When reporting on my recent trip to Bonn, Germany for the COP23, I learned about the work of an artist in the region of Southern France who adds a poignant reality to the work being done by the nations of the world to reduce CO2 emissions and deal with adaptability to this new world we live in. I provide a photo and a letter from the artist to you about her work. Many of you, living in British Columbia, will understand the beauty and importance of the whale in our complex ecosystem. This painting touched me, and I hope it speaks to you.
A Message From The Artist
My name is Patricia Lyons. I am the artist.
This is the rib cage of the skeleton of a whale. I painted it from a photo I took of the skeleton which resides in Kew Gardens, London in the children’s educational area.
The whale’s feeding grounds are at risk; firstly, due to the loss of krill, secondly because of the high salt content on the ice and thirdly due to global warming, their cold waters are warming on the way to the tropics and the whale interprets in this rise in temperature that they have reached the tropics for breeding.
A whale (example the Humpback) which feeds on krill in the arctic will consume 4,000 kilos of krill a day for 120 days before travelling to the tropics some 12,000 kms away to breed. The krill has now depleted by 80% due to global warming due to the greenhouse effect which has caused the thinning of the ice caps and a higher salt content lying on top of the ice which is in fact warming the seas (salt increases temperatures) (killing the krill) under which the krill lives.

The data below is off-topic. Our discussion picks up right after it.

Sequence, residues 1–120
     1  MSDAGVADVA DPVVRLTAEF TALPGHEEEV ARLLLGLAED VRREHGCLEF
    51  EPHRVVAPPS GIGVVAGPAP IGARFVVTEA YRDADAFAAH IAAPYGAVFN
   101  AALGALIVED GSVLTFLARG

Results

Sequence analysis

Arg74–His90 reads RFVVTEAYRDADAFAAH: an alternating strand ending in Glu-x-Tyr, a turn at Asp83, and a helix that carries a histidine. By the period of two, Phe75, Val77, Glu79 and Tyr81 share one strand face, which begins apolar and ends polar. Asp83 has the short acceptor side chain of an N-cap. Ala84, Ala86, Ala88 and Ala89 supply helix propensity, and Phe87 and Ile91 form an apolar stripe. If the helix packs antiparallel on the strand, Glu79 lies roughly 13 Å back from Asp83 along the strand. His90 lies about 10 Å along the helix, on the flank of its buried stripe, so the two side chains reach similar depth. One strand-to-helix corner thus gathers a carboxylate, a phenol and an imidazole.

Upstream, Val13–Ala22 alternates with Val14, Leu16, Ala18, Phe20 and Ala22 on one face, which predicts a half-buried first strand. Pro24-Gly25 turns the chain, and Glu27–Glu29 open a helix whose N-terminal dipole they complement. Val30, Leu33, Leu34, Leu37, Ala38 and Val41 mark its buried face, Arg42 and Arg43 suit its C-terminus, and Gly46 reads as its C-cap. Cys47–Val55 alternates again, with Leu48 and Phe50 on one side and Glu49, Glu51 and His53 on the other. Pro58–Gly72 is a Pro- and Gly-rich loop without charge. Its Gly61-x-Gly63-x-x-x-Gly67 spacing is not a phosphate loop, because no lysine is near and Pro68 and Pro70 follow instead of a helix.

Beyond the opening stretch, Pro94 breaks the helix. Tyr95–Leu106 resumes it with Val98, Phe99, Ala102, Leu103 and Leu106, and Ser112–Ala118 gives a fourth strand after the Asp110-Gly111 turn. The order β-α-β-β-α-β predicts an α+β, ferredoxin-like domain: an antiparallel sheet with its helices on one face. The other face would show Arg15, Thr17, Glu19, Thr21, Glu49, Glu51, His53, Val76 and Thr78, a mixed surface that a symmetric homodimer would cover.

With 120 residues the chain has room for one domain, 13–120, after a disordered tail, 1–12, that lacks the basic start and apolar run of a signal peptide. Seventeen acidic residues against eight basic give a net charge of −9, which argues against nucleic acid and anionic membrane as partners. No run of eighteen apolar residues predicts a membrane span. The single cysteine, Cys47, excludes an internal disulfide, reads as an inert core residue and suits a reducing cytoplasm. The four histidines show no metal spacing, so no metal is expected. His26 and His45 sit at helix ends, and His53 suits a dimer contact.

For the whale both the lack of krill (feeding is March to November) and the thinning of the ice puts it at risk given that there is a serious loss of blubber necessary for insulation in their arctic habitat and not enough food to sustain long months of breeding without feeding (from November to February). The loss of krill also means that the females when they are in a state of hunger will refuse to copulate thus affecting the loss of a new generation of whales.
As one scientist said; “this is the canary in the coal mine” which should be a warning as to how the rest of our world is at risk. We all must take immediate action to ensure these appalling symptoms of global warming do not accelerate before they begin ‘to bite’. ~ Patricia Lyons
Art by Patricia Lyons
Photos by Charalee Graydon
Guest Author Bio
Charalee Graydon was born in Alberta, Canada. She is a writer, journalist, academic and past lawyer. She works in the areas mediation and collaboration and is currently a faculty member at EUCLID University.
Charalee holds degrees in Bachelor of Arts in English and Political Science, and a Juris Doctorate in Law. Following receipt of a Rhodes scholarship in 1982, she pursued legal studies in Oxford, England where she obtained a B.C. L degree. She held academic positions in England, New Zealand, and Canada and is presently a faculty member at Euclid University. She practiced law in Canada.
She has published three books of literary fiction and one of which has been translated and published in Spanish.
She developed programs for students, judges, and the corporations on legal issues and published academic works in environmental law, sentencing and commercial law.
Blog / Website: Charaleeg.com